Politics, Religion and the British Revolutions: The Mind of Samuel Rutherford

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Politics, Religion and the British Revolutions: The Mind of Samuel Rutherford. By John Coffey. Cambridge Studies in Early Modern British History. Cambridge: Cambridge University Press, 1997, xii + 304 pp., $59.95.

For a superb analysis of the life and career of Samuel Rutherford t1600-61) and his impact on theology and political theory, this is the work to consult. I have reversed the order from that provided in the book title. Not only does theology have priority in Rutherford's thought-and, therefore, is the window for understanding his life and work-but the author himself has mastered his subject by virtue of his own command of theology, Reformation and modern. This book will prove invaluable for understanding this period in British ecclesiastical and political history, while at the same time providing the necessary background for understanding the American scene today. Coffey is to be commended for skillfully guiding his readers through difficult and complex issues in Calvinist political theory. He correctly sees the ambiguities and the complexities in Rutherford's thinking as grounds for divergent readings of Rutherford held by contemporary Reformed theologians, both Reconstructionist and non-Reconstructionist. Happily, Coffey's argument effectively calls into question the theonomist interpretation of God's law for civil rule.

After an opening introduction highlighting the contemporary relevance of Rutherford, Coffey proceeds to survey his life as scholar, Puritan pastor and theologian, political theorist, ecclesiastical statesman and national prophet. This fascinating and absorbing study is exceedingly well written. One almost forgets just how complex the issues addressed really are. In the course of discussion, Coffey helpful.ly identifies both strengths and weaknesses in Rutherford's work. By the end of the book the reader, hopefully, can better appreciate the daunting (if not impossible) task of constructing a Reformed/Protestant doctrine of natural law which would appeal to secular political theorists. Perhaps we theologians should be content "to render to Caesar the things that are Casesar's, and to God the things that are God's." I am not urging Christians to abdicate their participation in the public square, but rather reminding us to let the church be the church. We must not at any point or to any degree confuse the mission of the church with that of the civil magistracy. (The legitimate exercise of civil rule is itself a manifestation of God's common grace in the world.) This, it seems to me, is the lesson we must learn from the life and teachings of Rutherford.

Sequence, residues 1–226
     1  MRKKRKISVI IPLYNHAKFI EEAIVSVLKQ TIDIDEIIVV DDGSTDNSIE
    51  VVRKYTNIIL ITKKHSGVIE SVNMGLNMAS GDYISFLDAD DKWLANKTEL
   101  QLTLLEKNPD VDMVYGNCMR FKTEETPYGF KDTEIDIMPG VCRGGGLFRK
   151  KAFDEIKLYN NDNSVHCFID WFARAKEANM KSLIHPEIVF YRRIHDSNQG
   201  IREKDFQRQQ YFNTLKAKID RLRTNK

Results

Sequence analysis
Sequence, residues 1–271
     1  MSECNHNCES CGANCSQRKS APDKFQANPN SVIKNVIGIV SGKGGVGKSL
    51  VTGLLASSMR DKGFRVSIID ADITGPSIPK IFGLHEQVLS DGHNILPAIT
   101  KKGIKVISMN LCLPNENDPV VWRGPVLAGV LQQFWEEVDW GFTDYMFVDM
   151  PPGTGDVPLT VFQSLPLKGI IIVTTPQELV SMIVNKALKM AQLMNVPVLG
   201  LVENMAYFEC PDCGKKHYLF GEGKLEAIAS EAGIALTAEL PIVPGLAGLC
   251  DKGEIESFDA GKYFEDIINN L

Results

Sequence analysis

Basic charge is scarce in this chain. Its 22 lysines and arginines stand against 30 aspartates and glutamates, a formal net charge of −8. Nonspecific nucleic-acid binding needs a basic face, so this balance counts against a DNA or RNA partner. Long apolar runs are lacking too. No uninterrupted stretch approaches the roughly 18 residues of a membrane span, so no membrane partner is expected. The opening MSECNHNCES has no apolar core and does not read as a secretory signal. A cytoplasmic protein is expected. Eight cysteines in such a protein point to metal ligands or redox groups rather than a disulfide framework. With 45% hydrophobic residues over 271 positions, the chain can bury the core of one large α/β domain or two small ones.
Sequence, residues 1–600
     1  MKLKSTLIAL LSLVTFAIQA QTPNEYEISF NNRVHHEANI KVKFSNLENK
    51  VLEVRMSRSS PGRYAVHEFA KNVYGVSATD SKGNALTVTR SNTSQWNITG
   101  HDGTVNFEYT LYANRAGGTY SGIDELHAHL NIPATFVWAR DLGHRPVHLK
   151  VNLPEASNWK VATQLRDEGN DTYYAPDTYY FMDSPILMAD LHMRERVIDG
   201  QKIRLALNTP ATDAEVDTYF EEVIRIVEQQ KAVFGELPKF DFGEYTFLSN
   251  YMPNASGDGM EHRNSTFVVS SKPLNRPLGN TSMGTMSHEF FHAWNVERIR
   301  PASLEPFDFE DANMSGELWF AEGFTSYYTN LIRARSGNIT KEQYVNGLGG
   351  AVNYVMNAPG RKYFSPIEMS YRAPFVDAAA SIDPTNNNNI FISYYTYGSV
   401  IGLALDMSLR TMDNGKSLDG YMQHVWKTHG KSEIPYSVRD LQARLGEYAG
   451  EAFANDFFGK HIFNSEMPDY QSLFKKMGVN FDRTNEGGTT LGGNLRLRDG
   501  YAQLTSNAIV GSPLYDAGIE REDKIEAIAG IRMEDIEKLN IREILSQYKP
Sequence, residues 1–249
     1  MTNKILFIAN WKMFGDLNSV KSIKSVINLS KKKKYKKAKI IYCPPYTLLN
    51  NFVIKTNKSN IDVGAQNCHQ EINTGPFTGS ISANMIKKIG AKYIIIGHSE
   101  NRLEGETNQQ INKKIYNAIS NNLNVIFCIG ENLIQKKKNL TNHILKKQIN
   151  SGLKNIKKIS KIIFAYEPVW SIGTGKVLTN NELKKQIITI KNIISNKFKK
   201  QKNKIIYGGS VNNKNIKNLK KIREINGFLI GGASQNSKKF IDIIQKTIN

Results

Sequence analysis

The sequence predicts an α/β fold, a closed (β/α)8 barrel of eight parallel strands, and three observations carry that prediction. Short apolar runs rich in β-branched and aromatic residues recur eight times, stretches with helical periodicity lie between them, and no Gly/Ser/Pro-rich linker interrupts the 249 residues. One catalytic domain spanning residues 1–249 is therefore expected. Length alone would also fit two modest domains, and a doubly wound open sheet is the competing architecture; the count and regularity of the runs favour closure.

Rutherford was a highly respected Scottish Covenanter, a delegate to the Westminster Assembly, and author of the influential treatise, Lex, Rex (1644), dealing with civil rule and the right of disobedience against ungodly magistrates. It is this writing which receives primary attention in Coffey's study. Although an articulate exponent of Reformed covenant theology, Rutherford, as Coffey convincingly argues, failed to attain a correct understanding of the relationship between church and state as defined in the Bible. His conception of a religiously-based, covenantal nation and natural law theory proved ultimately irreconcilable. Coffey rightly labels Lex, Rex as "a deeply Thomistic book" (p. 152), one which assumes "the compatibility of natural reason's conclusions and God's revelation in Scripture" (p. 153). (See further my "Reformation Politics: The Relevance of Old Testament Ethics in Calvinist Political Theory," JETS 29 [1986] 179-191. …